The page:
By Kara Ouellet , Special to the Register
New Haven Register.com, New Haven, CT, Dec 18, 2003
NEW HAVEN, CT.....Call it the holocaust few knew about.
Until Ukraine separated from the Soviet Union in 1991 and its secret
archives were opened, the genocide that occurred there in 1932-33 was
Now, that the magnitude of a man-made famine that killed between seven
and 10 million people has been uncovered, Greater New Haven's
Ukrainian-American community is doing its part to shed light on this dark
patch in world history.
The Ukrainian National Women's League, Branch 108, New Haven, in
collaboration with the Connecticut Ukrainian-American Historical Society,
a branch of the Ethnic Heritage Center, is sponsoring an exhibit at the
Stalin Comes to Power and Liquidation Comes to Ukraine: Two panels of the Ukrainian Holodomor Exhibition when it was first exhibited at the United Nations in NYC in November, 2003
(Click on images to enlarge them)
The display of 26 panels of text and photographs commemorates the 70th
anniversary of the man-made Great Famine of Ukraine of 1932-33, also
known as "Holodomor," said Christine Melnyk, president of Branch 108.
The exhibit was originally organized at The Ukrainian Museum in New York
City, where Melnyk and several League members saw it and wanted to bring
it to New Haven, said Melnyk.
The National Board of the Ukrainian National Women's League wanted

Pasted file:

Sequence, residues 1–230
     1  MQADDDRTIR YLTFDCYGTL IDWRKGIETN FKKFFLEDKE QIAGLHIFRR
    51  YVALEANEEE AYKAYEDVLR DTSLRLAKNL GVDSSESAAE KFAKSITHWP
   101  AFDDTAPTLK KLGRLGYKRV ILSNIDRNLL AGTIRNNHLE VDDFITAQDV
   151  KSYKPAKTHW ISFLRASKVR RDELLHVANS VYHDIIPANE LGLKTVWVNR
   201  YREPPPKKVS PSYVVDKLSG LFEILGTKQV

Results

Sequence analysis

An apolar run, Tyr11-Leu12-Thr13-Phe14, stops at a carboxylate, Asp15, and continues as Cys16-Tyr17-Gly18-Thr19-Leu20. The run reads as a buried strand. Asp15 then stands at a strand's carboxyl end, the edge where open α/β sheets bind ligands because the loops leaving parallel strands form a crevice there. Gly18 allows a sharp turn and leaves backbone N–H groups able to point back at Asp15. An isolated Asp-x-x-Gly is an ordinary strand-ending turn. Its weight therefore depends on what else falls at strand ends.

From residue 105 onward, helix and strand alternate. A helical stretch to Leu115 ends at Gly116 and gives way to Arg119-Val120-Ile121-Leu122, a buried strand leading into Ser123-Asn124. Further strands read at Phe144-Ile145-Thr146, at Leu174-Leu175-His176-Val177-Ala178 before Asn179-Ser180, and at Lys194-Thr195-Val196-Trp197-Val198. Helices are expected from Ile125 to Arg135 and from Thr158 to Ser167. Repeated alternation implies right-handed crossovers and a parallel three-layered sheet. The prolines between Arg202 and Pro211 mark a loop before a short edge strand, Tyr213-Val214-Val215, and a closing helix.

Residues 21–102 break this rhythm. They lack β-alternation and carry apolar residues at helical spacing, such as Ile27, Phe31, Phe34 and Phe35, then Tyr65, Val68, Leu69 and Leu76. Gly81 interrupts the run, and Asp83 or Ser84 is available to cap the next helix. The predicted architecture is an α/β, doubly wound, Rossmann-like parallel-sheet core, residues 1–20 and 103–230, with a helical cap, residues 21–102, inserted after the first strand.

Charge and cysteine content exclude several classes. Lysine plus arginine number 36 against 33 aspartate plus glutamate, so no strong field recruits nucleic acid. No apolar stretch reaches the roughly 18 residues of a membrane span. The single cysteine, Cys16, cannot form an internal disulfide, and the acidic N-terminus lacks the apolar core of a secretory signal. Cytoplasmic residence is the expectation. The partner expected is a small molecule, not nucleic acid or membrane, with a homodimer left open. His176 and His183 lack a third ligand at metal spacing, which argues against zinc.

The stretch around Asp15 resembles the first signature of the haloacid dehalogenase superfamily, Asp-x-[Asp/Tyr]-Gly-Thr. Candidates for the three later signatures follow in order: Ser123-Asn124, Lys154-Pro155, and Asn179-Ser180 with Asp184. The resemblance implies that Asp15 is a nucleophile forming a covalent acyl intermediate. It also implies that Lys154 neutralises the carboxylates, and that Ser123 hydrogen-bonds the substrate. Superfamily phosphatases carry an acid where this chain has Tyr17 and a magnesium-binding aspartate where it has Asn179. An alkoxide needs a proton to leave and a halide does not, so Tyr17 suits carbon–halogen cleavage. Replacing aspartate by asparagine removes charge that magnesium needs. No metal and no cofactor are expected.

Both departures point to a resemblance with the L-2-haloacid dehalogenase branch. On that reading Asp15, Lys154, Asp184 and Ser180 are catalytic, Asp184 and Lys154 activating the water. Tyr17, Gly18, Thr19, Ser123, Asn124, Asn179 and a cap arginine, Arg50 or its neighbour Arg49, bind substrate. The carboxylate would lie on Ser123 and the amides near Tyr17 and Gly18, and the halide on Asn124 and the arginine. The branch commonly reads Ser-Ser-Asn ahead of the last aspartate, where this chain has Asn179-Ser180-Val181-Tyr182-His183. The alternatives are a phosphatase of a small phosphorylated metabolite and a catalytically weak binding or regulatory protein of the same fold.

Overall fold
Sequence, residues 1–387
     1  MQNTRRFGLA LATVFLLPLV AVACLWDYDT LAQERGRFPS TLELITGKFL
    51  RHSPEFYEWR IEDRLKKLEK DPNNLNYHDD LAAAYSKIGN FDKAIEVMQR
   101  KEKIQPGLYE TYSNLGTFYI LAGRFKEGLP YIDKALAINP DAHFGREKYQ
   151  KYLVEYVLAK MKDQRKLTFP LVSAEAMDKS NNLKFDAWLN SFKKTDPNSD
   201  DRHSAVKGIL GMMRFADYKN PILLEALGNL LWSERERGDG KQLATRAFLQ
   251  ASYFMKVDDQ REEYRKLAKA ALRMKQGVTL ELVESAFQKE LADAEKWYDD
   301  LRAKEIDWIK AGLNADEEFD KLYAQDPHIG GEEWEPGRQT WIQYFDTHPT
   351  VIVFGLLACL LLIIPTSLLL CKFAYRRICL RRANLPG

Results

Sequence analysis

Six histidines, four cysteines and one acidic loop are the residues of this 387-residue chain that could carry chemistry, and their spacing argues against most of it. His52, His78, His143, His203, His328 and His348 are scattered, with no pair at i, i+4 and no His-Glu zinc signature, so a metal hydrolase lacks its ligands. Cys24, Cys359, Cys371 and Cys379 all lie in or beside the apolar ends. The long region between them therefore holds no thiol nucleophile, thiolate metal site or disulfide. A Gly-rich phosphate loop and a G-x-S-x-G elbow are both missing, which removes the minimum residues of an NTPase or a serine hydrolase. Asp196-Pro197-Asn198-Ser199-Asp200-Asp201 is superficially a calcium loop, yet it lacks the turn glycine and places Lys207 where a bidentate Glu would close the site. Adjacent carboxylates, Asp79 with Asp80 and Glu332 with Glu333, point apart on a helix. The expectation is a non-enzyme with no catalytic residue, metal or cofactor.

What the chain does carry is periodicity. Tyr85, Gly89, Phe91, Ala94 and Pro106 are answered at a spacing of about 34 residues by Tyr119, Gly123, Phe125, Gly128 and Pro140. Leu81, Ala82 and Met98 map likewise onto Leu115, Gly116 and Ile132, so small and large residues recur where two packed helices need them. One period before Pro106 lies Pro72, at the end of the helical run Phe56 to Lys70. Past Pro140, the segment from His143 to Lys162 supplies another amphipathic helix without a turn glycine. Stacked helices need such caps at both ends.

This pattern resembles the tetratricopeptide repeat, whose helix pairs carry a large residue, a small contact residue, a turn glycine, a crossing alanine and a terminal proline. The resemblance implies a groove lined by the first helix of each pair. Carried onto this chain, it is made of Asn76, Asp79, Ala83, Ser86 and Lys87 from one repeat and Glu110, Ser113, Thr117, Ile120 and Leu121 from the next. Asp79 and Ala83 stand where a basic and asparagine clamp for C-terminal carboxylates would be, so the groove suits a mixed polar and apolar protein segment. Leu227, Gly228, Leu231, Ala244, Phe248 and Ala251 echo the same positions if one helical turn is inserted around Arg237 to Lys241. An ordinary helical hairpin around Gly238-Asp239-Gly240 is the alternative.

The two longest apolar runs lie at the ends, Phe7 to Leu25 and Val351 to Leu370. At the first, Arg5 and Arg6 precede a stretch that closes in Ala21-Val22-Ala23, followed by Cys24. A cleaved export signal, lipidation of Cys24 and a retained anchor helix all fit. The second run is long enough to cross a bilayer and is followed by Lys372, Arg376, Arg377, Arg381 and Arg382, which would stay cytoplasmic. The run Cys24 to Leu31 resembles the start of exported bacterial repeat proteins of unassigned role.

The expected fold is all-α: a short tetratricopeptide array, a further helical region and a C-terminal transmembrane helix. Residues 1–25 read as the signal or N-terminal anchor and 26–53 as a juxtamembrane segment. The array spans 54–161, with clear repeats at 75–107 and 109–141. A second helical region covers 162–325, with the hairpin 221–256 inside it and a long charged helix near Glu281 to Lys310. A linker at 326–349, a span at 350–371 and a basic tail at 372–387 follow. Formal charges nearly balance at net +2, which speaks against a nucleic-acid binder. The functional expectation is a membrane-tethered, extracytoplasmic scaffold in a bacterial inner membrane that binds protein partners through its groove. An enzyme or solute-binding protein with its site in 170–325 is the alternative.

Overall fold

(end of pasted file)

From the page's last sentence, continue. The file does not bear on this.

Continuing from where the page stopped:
people to commemorate the tragedy in every city that has a branch, and
setting up the exhibit in New Haven was a good way to do that, she said.
The famine was brought on by Stalin's communist regime, which sought to
punish farmers supporting the independence of Ukraine from the Soviet
"They didn't want to be collective farmers," said Melnyk. "So they were
forced out of their homes and sent to labor camps in the north where they
According to an article written by Rutgers University professor Tara
Hunczak, Stalin imposed unattainable grain production quotas and the
farmers starved while Stalin and his government exported millions of tons of
Ukraine's borders were closed to outsiders to prevent any foreign relief
services or migration.
Some Historical Information Leading to the Famine and Holodomor: Two panels from the exhibition when it was on display first at the United Nations in New York in November of 2003
Note: The two lower photographs on the left panel were taken in
Russia during the famine of 1921-1922 and are shown for illustration
purposes only as no photographs were allowed in Ukraine during the
genocidal famine of 1932-1933.
The genocide was covered up until 1991 when records were finally opened.
Walter Duranty, a famous New York Times reporter, was implicated in the
cover-up and now many Ukrainian Americans are demanding the revocation
of his Pulitzer Prize.
Members of Branch 108 are hoping to raise public awareness about the famine.
They are concerned about the absence of the event from students' curriculums
and the lack of general public knowledge.
"This was a hidden famine that we need to bring to life," said Melnyk. "It's
important for educators to come in and try to incorporate it into their
The Holodomor exhibit will be on display at the Ethnic Heritage Center at
270 Fitch St. until Sunday, said Melnyk.
The exhibit is free and open to the public, from 10 a.m. to 8 p.m. today, 10
a.m. to 5 p.m. Friday and Saturday, and noon to 5 p.m. Sunday.
Any educators who are interested in bringing their students to the display
and anyone who is interested in more information should call the Heritage
Center at 392-6126, or Gloria Horbaty at 269-5909.
A visitor viewing two panels from the genocidal famine (holodomor) exhibition, organized by The Ukrainian Museum in New York City when it first was
displayed at the United Nations in November, 2003
Photographs by the
www.ArtUkraine.com Information Service (ARTUIS)
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